(ps: my mom just sent me a link to your blog. i look forward to reading through some more of your posts.)

C. N. Nevets said...

@Yat-Yee - I think from what I know of you that you are likely a close reader, so I will agree with you. The books that probably frustrate you in that way would probably frustrate me, as well.

On the other hand, I've also heard this kind of thing from people who read neither closely nor deeply and cannot see any element of a story that is not explicit. So I'll admit that I typically cringe when I read people making this complaint.

However, as I said -- I think I have a feel for what kind of reader you are, and I'm sure that this book was simply devoid of life.

Sorry you had that experience. That's disappointing.

Domey Malasarn said...

I'm okay with not knowing why a character does something as long as I feel like there is a reason behind there somewhere. Like you say, the mystery of finding out what that reason is can be really intriguing. But, if I feel like a character is just trying to keep up with the plot of the story, that's a turn off.

Kelly H-Y said...

Yes ... some I've finished to see what the 'hype' was about; others I couldn't make it through. So frustrating.

Yat-Yee said...

@barefootmeg: thanks for visiting and please thank your mom for me as well. Looks like you live in my town.

Thanks for bringing up the point about the consistency in motivation. I can see how a character can slowly change over the course of a book, but one whose motivations fluctuate can certainly render him/her inauthentic.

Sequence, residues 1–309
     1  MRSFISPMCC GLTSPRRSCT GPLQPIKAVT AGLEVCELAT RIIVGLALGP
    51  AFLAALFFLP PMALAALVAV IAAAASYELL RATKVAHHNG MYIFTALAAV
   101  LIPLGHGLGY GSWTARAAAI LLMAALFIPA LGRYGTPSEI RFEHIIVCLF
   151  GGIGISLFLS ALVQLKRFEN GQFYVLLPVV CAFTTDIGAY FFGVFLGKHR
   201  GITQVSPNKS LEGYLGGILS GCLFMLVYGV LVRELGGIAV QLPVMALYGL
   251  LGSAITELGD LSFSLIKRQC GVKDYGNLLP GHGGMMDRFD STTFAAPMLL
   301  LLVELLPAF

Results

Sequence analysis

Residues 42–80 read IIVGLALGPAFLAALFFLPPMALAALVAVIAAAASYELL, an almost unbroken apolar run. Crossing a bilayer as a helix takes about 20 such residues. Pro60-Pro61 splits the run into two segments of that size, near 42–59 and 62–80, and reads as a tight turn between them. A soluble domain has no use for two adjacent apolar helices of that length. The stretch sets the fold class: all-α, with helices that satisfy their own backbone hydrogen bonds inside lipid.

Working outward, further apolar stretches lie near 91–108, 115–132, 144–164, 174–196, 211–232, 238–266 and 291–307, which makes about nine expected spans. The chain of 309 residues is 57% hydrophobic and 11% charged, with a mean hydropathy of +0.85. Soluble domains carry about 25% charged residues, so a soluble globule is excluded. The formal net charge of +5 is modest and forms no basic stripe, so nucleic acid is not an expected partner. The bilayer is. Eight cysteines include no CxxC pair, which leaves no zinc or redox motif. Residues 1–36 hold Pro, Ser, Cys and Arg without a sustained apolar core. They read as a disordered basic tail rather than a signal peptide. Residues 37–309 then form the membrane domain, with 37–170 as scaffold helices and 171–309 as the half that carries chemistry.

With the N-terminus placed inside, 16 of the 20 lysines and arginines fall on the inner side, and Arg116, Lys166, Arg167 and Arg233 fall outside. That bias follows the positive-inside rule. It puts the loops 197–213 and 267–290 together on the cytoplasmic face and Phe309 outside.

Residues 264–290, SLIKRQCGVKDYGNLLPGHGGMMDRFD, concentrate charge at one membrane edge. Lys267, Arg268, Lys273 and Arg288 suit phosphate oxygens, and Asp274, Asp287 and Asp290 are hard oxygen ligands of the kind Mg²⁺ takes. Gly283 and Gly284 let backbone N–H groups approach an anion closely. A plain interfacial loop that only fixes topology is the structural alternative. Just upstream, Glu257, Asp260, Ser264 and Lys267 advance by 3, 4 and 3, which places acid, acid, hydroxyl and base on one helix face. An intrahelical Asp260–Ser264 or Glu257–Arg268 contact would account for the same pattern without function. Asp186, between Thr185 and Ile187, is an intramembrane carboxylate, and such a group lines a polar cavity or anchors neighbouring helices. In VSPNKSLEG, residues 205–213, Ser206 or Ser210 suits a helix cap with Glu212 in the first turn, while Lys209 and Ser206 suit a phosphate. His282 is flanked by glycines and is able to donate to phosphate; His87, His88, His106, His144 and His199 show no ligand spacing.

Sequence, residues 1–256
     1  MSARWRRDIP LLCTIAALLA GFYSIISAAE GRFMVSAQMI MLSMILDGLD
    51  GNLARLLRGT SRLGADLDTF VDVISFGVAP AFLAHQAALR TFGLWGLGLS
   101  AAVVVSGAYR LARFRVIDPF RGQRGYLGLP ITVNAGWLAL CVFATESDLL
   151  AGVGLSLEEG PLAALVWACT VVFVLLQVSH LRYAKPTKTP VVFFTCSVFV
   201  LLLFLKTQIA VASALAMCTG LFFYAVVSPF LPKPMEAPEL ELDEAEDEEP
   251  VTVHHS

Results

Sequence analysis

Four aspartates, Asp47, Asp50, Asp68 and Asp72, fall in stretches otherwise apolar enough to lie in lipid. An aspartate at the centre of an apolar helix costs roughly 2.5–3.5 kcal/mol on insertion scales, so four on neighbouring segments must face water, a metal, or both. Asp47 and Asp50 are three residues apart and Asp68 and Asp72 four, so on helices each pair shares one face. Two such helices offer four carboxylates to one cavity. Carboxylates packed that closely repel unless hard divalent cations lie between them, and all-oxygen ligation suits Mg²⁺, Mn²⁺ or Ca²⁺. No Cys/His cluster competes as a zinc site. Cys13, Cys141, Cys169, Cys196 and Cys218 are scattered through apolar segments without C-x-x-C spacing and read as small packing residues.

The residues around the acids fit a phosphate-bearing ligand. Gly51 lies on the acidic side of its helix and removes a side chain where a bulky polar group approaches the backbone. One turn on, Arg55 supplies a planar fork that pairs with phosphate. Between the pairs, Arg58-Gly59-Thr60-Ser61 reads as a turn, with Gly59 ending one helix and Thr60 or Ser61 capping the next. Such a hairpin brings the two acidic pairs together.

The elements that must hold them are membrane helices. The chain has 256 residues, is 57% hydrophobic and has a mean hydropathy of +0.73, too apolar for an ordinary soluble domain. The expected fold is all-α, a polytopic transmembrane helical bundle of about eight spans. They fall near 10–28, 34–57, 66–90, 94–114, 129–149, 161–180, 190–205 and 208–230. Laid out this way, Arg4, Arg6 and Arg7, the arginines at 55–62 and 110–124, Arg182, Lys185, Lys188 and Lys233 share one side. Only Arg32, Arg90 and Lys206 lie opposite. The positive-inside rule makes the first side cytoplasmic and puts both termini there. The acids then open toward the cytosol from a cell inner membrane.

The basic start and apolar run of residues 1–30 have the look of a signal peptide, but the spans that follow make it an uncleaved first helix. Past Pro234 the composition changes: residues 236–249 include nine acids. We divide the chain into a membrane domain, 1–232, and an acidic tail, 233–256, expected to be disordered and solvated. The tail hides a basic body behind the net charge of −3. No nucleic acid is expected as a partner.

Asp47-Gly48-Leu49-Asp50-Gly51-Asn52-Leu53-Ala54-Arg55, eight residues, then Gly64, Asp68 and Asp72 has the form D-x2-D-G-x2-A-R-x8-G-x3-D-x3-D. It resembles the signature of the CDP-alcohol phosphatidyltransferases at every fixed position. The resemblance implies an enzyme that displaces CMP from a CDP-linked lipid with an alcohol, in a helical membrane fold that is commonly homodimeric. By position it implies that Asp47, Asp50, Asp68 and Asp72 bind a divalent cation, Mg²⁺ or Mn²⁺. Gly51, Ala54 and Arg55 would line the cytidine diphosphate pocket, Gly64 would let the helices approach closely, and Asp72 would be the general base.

Yat-Yee said...

@Nevets: Thanks. I don't think I've heard the designation of "close reader" before (close-talker, on the other hand, is one I'm sure many would remember from Seinfeld.) Yes, I do read with care, and I do love subtlety, so I am very glad you pointed out the differences.

Yat-Yee said...

@Domey: You've said it better than I did: as long as there is a reason behind an action/decision. And I very much like the imagery of a character keeping up with the plot of the story. The poor cardboard figure will never succeed.

Yat-Yee said...

@Kelly: Maybe I should have asked in my post for stories that have kept the intrigue till the end. Do you have any examples?

MG Higgins said...

Yes, I completely agree. I'm very impatient when it comes to revealing motivation; I need to care and empathize with the main character pretty quickly or I lose interest.

Karen Akins said...

I just want to give a little "Hear, hear!" to what Laurel said. And, of course, she said it much better than I could have.

But as a writer, I have to say that it's easier said (and recognized in other's writing) than done."

Cheryl Reif said...

I like the way @Domey put it--I'm okay with not understanding a character's motivation, as long as I'm convinced there *is* a motivation. Then the question of why a character is acting a certain way becomes a mystery, pulling me forward through the story.

Cheryl Reif said...

It's fate: I finished reading your post and almost immediately read Jane Friedman's blog "6 Common Plot Fixes." Point #5: Beware of Unmotivated Actions. Worth a read :) http://bit.ly/ee1Q9G

Yat-Yee said...

Cheryl: it is fate. I will definitely read Janet Friedman's post. Also, the day I posted this, Writer Unboxed also dealt with this very issue. Their post was titled "Why oh Why?" Something is in the air that writers are breathing.

Domey Malasarn said...

I'm gonna start holding my breath.

PW.Creighton said...

Motivations should be one of the first things a writer should tackle in the project. Also the first post I wrote about on my blog.

Yat-Yee said...

PW Creighton: Character motivation sure is central, isn't it? Thanks for visiting.